Objectives: To evaluate the association between long-term dietary quality, measured by the 2010 Alternative Healthy Eating Index, and risk of rheumatoid arthritis (RA) in women.
Methods: We prospectively followed 76 597 women in the Nurses' Health Study aged 30-55 years and 93 392 women in the Nurses' Health Study II aged 25-42 years at baseline and free from RA or other connective tissue diseases. The lifestyle, environmental exposure and anthropometric information were collected at baseline and updated biennially. Cumulative follow-up rates were more than 90% for both cohorts. The primary outcome was RA alone with two subtypes of the disease: seropositive and seronegative RA.
Results: During 3 678 104 person-years, 1007 RA cases were confirmed. In the multivariable-adjusted model, long-term adherence to healthy eating patterns was marginally associated with reduced RA risk. To assess potential effect modification by age at diagnosis, we stratified by age. Among women aged ≤55 years, better quality diet was associated with lower RA risk (HRQ4 vs Q1: 0.67; 95% CI 0.51 to 0.88; p trend: 0.002), but no significant association was found for women aged >55 years (p interaction: 0.005). When stratifying by serostatus, the inverse association among those aged ≤55 years was strongest for seropositive RA (HRQ4 vs Q1: 0.60; 95% CI 0.42 to 0.86; p trend: 0.003).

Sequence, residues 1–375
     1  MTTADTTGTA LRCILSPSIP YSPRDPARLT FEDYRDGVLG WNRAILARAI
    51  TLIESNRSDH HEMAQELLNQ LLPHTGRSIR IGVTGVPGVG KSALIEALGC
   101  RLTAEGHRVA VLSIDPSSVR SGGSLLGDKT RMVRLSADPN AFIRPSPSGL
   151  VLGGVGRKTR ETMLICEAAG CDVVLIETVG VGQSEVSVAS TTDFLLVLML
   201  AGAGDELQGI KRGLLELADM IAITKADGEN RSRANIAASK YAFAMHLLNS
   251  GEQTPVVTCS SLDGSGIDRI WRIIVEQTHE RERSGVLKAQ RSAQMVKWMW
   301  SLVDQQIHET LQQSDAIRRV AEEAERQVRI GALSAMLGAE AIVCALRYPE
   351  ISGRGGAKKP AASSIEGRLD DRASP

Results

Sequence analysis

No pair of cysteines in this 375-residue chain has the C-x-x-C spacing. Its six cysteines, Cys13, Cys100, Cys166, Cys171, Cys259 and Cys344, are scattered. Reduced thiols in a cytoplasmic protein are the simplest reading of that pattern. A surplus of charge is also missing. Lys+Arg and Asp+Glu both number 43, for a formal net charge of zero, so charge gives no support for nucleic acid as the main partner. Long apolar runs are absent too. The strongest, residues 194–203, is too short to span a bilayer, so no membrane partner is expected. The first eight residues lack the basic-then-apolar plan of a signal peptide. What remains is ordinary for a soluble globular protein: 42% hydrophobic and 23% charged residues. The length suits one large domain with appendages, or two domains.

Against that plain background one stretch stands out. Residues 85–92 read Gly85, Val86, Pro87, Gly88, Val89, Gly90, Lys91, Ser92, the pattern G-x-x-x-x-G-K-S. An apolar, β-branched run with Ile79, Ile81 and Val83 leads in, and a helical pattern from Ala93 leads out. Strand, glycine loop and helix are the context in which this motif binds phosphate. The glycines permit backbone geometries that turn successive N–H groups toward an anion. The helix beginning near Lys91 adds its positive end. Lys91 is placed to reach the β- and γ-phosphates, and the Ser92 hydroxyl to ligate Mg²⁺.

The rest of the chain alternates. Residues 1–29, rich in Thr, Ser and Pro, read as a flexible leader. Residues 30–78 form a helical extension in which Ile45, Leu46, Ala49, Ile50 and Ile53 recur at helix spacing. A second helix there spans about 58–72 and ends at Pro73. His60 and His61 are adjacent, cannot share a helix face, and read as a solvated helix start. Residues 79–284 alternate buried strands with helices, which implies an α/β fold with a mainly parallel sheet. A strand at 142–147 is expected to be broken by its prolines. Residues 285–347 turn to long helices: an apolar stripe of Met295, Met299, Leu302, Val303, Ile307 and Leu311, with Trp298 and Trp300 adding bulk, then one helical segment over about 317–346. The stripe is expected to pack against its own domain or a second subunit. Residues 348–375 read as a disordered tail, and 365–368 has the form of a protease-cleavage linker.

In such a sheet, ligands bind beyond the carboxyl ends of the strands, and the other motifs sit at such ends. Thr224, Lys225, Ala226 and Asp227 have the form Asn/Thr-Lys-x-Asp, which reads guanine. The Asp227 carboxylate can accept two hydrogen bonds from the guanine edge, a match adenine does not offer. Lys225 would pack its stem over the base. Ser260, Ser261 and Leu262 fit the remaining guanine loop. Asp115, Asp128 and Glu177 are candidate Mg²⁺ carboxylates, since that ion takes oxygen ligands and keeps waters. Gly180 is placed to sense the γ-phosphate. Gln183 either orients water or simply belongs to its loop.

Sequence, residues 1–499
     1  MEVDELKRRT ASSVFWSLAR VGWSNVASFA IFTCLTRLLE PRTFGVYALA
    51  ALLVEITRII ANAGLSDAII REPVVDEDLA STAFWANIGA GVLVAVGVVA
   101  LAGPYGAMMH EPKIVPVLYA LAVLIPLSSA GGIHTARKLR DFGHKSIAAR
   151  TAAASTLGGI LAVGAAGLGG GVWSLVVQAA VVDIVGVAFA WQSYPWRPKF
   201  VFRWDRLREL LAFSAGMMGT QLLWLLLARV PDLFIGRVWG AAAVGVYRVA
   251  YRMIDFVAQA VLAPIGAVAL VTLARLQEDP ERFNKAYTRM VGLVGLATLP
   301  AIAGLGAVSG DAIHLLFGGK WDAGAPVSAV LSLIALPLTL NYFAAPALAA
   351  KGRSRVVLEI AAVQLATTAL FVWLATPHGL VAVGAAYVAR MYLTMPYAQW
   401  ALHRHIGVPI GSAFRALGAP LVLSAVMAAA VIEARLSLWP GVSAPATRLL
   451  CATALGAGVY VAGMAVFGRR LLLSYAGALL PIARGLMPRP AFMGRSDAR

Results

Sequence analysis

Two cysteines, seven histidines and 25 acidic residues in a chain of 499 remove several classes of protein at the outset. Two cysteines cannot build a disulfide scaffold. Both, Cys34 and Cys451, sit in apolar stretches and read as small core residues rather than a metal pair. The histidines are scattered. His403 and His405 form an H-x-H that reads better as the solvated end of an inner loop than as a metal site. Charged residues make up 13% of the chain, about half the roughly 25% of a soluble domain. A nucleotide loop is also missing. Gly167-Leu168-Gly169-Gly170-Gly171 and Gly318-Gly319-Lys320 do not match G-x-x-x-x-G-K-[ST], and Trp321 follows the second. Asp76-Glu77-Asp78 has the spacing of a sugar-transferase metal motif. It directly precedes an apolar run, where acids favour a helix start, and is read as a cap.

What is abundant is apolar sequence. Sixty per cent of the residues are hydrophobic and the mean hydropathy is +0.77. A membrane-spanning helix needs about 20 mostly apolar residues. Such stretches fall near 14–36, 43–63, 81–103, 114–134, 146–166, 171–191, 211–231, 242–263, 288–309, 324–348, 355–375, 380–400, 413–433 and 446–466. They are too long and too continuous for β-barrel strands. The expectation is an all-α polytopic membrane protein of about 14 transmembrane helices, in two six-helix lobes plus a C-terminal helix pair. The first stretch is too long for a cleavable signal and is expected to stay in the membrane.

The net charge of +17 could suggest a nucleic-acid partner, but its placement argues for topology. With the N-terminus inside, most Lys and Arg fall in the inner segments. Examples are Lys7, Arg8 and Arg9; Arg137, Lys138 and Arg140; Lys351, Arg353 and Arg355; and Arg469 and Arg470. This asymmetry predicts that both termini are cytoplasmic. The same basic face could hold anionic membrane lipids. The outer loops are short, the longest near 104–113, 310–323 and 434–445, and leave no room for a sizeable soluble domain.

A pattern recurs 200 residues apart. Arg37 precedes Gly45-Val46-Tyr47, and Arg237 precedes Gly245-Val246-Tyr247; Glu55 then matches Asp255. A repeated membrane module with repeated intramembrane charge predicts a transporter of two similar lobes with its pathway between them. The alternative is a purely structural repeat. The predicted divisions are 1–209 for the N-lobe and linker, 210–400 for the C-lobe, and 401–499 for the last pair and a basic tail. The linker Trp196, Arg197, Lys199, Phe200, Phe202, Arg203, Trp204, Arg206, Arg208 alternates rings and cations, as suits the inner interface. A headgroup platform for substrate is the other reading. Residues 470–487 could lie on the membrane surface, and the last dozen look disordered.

Conclusions: A healthier diet was associated with a reduced risk of RA occurring at 55 years of age or younger, particularly seropositive RA.
Keywords: Ant-CCP; Epidemiology; Rheumatoid Arthritis.
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